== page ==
The Tower of London------Kings, Queens and Queues(1)

Member Rating 5 out of 5 by happysh2009 on August 27, 2010

The Tower of London is considered to be a must-see attraction when visiting London. Although I have visited London regularly over the last 3 years Sunday, 30 May was my first chance to see this famous site.

Brief history:

The Tower of London is described as the heart and soul of England. Its official name is Her Majesty's Royal Palace and Fortress, but it is more commonly known as the Tower of London and historically as The Tower. It is often identified with the White Tower, however as a whole it is a complex of several buildings built over the last thousand years set within two concentric rings of defensive walls, which in turn are surrounded by a moat.

Going back to Roman times and beyond there were already fortifications on this site. In 1066 William The Conqueror landed in England and after beating King Harold won the crown of England. To help control London as well as England he built a new fortress, some parts of which rest on Roman foundations. The fortress became known as the White Tower. Over the following 900 years the White Tower has been extended and added to subsequently becoming a royal palace, state prison, the Mint, a record office, observatory and zoo. Today it is cared for by Historical Royal Palaces and is open all year to the general public.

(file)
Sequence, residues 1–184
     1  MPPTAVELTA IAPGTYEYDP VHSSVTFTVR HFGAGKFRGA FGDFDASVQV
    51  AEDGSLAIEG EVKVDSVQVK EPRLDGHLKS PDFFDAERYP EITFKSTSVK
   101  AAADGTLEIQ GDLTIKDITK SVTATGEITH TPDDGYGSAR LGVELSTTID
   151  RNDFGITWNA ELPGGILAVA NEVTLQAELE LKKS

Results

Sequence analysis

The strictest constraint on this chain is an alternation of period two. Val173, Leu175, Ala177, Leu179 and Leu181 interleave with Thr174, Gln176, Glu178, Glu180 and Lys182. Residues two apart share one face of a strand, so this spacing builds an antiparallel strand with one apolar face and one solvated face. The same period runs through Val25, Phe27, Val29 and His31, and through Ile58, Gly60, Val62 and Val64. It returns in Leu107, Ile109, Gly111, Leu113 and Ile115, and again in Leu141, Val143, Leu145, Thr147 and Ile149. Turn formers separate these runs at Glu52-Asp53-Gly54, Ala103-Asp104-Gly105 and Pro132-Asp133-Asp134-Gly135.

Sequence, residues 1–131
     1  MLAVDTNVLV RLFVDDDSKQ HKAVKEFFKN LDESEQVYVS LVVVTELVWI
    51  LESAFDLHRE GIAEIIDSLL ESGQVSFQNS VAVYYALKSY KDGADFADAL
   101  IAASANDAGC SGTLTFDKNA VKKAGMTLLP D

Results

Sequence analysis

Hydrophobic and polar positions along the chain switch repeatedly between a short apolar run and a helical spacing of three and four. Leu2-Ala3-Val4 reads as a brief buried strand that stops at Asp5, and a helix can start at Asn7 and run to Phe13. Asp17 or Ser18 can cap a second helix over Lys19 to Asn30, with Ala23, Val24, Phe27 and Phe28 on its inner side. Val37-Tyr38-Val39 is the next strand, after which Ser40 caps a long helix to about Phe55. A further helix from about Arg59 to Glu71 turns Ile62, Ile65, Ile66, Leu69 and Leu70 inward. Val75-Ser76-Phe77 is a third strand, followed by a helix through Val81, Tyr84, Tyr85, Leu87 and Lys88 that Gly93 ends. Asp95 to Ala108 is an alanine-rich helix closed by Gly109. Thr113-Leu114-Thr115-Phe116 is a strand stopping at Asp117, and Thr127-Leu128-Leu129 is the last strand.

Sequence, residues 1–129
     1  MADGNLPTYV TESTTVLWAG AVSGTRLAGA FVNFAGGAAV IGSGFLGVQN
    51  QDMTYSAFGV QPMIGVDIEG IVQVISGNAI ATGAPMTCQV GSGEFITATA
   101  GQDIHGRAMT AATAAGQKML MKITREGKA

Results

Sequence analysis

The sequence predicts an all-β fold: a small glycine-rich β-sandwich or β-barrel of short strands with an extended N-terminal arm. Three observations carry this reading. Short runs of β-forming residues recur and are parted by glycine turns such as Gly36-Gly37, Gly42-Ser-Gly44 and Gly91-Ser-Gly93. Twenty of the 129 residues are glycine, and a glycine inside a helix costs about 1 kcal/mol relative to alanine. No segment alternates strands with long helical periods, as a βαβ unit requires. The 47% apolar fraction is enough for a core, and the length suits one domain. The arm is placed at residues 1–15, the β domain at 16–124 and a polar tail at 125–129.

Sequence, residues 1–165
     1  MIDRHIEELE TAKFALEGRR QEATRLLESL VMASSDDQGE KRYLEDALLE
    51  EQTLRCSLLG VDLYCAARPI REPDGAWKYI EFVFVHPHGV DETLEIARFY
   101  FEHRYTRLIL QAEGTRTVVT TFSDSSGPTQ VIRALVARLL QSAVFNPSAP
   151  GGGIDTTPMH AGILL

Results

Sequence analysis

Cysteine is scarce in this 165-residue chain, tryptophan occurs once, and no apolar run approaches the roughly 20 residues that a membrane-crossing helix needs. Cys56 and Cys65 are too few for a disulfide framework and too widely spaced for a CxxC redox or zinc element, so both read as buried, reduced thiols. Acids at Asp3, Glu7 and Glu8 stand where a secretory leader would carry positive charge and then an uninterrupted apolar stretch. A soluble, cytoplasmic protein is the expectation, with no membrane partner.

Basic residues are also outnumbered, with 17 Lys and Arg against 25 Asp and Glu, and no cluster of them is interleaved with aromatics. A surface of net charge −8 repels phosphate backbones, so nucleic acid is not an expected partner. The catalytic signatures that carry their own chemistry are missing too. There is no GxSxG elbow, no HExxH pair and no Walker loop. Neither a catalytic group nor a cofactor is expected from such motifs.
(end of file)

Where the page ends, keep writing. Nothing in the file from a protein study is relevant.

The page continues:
What can you see?

Once you have passed through the main entrance at Byward Tower you are free to visit whichever parts of the attraction you like. Nearby the entrance there is a Yeoman Warder tours’ site from where you can join a tour party guided by a Beefeater, who will take you on 60 minute tour of The Tower. However I had pre-booked an audio guide on-line so I decided to discover The Tower in my own way utilising this very useful tool.

After walking through Byward Tower you will see a tall wall on your left. From the stones’ colour you can figure out Tower of London is not built in one day. On your right side you can see a water lane and a Traitors gate, in front of which are Bloody and Wakefield Towers, respectively.

(1) Bloody Tower

The Bloody Tower is the most infamous tower. It's believed the Duke of Gloucester, later to become King Richard III, imprisoned and killed his two young nephews, the princes who were the rightful heirs to the crown. Another sad story was linking with the famous English sailor, Sir Walter Raleigh. From 1603 to 1616 he remained in the tower as a prisoner. During the time he wrote the first volume of The Historie of the World about the ancient history of Greece and Rome. At the ground floor you can see what his life was like as well as the book. At the first floor you can find out more about the two young princes.